ABSOLUTELY NOT!!!  Not in this case.  That guy was old enough for an even moderately paced overhead off my racquet to his chest or abdomen to have caused a medical emergency, for which, because my shot would have been intentionally aimed at him (perfectly legal in the sport of tennis), I’m not sure I could have lived with myself.

I know in my heart of hearts that tagging my opponent with an overhead would have changed the momentum of that match by leading to a necessary break of serve in that first set, but deep down, I still believed we could find a way to win without it.  What I did not count on is the degree to which their slothfulness would bother my partner.  Even still, we had opportunities that we did not capitalize on.  In the end, the tournament seemed to be ours to win (especially after knocking off the top seeded team in our second round match), but winning isn’t everything.  Those old guys went on to lose the championship in a third-set tiebreaker.  Could we have won that match?  All things considered, I believe so; but unlike any other weekend tournament I play in and lose, this morning I feel different.  Sure, I wanted to win.  Sure, I hate losing; but I would not change what I considered to be the turning point in that match.  Heck, I could have ripped forehands at the net guy all match long, but I never once stopped believing we would win that match.  Here’s a final thought though…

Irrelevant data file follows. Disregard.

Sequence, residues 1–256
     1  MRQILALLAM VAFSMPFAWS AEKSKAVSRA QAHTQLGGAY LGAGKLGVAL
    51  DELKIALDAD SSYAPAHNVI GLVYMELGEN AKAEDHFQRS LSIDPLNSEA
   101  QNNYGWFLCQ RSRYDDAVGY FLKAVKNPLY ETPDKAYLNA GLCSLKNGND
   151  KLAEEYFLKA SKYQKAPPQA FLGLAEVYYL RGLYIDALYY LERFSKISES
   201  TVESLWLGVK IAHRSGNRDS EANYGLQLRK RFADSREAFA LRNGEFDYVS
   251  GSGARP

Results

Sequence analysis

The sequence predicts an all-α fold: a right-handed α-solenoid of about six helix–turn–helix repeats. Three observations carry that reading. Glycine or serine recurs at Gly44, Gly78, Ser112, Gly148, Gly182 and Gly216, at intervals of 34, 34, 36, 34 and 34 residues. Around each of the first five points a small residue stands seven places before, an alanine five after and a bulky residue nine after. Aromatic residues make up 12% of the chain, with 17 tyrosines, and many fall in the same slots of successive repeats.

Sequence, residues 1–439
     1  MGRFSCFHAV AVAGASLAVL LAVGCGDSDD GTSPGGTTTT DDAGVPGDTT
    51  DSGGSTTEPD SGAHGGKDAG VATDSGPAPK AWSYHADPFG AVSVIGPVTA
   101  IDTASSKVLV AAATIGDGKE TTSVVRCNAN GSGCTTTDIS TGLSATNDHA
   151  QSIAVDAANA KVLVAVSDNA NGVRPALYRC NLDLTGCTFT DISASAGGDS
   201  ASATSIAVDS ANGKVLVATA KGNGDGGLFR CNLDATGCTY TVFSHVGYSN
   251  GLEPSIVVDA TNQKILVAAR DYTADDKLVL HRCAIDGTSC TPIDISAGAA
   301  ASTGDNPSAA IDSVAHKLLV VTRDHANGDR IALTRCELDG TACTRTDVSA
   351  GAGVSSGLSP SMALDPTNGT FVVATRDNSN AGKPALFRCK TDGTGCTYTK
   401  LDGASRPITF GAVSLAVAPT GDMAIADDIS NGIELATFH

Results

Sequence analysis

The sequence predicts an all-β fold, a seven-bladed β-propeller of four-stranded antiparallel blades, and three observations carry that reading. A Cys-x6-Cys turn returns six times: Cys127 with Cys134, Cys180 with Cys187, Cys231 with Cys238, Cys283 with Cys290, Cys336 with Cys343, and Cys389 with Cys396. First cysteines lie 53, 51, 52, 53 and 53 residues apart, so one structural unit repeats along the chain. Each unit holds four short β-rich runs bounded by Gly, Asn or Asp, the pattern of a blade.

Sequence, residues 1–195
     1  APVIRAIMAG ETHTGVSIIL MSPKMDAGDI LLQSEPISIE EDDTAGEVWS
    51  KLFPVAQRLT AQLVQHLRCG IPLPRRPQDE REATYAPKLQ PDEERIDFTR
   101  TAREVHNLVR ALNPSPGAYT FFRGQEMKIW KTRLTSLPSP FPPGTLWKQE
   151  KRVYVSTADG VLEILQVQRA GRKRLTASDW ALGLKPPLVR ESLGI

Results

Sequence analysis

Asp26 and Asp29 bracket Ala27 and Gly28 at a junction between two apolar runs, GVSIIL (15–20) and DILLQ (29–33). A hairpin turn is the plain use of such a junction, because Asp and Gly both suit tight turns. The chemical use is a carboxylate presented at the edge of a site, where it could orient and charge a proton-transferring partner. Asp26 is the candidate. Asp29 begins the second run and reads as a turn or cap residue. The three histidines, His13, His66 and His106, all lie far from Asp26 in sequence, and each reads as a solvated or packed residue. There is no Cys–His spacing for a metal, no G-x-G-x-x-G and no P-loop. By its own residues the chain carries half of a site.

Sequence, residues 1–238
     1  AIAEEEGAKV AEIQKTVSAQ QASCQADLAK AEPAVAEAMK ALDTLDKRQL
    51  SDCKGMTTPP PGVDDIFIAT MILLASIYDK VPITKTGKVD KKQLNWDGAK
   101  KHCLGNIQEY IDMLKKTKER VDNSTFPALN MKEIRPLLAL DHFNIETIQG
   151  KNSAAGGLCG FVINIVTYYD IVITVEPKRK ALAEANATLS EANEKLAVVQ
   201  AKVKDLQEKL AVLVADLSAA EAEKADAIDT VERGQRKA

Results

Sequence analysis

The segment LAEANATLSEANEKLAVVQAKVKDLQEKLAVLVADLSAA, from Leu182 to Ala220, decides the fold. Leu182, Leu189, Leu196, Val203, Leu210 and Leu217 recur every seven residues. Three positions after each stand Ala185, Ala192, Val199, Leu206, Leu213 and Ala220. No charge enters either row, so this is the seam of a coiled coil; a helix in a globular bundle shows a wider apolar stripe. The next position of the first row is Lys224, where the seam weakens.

What if I had nailed the guy above the belt with that overhead and caused a medical emergency (which was my fear at the time), then went on to lose the final?  Would not have been worth it, right?

And to appease those of you in the “winning IS everything” camp, I’ll ask, what if I hit him with the ball and it didn’t hurt him, but it threw him off his game and we went on to win as easily as I thought we could?  Sure, that would have given us a berth to the final and most likely, a championship.  But for me, it was not worth the risk of hurting someone seriously for a $10.00 trophy or plaque.

Winning isn’t everything.

-Matt D. Talford

Please note: I reserve the right to delete any comments that are offensive or off-topic.

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2 thoughts on “Winning Isn’t Everything

  1. I to hate to lose or get something wrong. It bothered me much back at Tech when I’d get a B on an exam when it should’ve been an “A”. But no amount of winning is worth doing something under-handed, or mean. Good to see you played fare & honest. It hurt now, but you come up from this. The lesson that you should have learned is don’t let your opponent get to you. Much like the old Sure commercial” Never Let Them See You Sweat”. Let them do them, and you just play your game ok.